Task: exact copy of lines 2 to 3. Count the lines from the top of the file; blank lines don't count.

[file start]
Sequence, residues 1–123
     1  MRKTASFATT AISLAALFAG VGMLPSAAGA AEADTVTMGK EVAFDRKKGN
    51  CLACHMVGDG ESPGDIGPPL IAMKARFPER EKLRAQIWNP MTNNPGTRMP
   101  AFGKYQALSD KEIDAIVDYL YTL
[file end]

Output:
     1  MRKTASFATT AISLAALFAG VGMLPSAAGA AEADTVTMGK EVAFDRKKGN
    51  CLACHMVGDG ESPGDIGPPL IAMKARFPER EKLRAQIWNP MTNNPGTRMP